You don’t need to dice these too fine, as they’re going in a food processor. Dump them all in (I know this is a blender, I had to switch it over to a food processor), with some cilantro and water…

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…give it all a whir, and let it sit and chill.

Heat up some oil in a Dutch Oven or other large pot,

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and toss in the whole spices.

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Fry till the cardamom gets puffy (mine got a little overdone…), and then pour in the garlic/ginger/onion/cilantro mixture.

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It should sizzle and splatter over your hands. Well, maybe it shouldn’t splatter on your hands, but it sure splattered on mine. Try to pour it in gently instead of slorping it in all at once. What does slorping mean, you ask? It’s that liquid-y, bubbly sound. I changed it into a word. I’ll be calling the English language authorities to report a new word any day now. Anyhows

Chop up the cashews, I like to do it with a huge knife, but you can use a food processor, spice mill, or even put them in a bag and have a go at them with a rolling pin. That’s always fun.

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Throw them in, and now it’s time for the next layer of flavor. Splash some water into the ground spices, give it a mix…

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and pour it in.

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The gradual buildup of all of these are going to give it the best flavor.
Stir it all up, and pretend that there’s a picture here of me adding 1 ½ cups of yogurt. Oops.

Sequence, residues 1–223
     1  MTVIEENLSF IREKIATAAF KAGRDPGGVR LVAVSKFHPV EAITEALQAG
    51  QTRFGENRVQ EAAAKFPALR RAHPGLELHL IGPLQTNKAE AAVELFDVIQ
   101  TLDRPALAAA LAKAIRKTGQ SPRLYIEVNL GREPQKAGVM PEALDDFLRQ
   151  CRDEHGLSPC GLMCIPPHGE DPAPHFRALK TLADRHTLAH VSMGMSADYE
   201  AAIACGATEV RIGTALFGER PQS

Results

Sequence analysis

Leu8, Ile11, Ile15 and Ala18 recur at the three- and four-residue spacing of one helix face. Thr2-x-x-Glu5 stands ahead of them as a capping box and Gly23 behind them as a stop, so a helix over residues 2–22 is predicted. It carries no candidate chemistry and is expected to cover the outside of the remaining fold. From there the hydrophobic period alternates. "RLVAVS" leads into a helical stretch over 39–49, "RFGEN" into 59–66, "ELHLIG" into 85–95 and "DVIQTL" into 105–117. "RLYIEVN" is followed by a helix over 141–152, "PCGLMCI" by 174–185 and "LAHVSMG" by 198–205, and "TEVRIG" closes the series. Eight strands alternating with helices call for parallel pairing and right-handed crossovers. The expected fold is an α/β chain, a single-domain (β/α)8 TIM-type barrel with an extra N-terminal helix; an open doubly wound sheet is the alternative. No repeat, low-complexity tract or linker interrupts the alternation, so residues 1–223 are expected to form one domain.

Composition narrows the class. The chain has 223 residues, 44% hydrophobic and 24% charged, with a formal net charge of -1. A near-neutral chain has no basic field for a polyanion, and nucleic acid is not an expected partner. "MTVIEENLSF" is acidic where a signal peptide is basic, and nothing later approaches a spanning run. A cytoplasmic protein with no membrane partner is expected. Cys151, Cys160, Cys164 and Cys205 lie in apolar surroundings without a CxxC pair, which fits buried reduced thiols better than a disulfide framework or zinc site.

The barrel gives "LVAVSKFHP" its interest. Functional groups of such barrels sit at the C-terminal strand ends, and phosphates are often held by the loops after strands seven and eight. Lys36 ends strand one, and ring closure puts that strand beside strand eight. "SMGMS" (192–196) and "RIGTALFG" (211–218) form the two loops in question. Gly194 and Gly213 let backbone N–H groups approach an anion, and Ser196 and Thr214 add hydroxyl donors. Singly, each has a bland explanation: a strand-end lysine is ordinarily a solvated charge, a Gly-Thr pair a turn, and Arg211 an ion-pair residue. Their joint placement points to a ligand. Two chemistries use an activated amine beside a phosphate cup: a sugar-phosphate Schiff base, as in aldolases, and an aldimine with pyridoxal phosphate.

Pour in some salt, give it a mix, and let it sit and simmer for about half an hour.

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20 or so minutes later, chop up the chicken and sear it in ½ tablespoon oil over high heat.

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When it’s seared but not totally cooked, throw it in the sauce to finish cooking there.

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CHALLOW

Challow is essentially baked, flavored rice, and gosh darn is it amazing.

Ingredients:

2 cups rice
3 oz cilantro
2 tablespoons cumin seeds
Oil (optional)

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Recommended but not necessary: Soak the rice for 20-30 minutes.

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Preheat oven to 350 F
Next, we’re going to parboil the rice, meaning we’re going to boil it, and then bake it. I feel like I just said that. Anyhows. Boil it,

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and when it’s mostly done, pour it into a large baking dish, with cilantro and cumin,

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I like to pour some oil on top for moisture, toss it all about,

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and then bake it for 25 minutes!

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That’s Challow- simple, easy, and oh so, so good.

To serve, heap Challow on a plate, and pour the Korma on top, making sure to get in a few pieces of chicken. Garnish with some mint or cilantro, and enjoy!

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Here’s the printable recipe card, with ingredients and instructions:  Afghanistan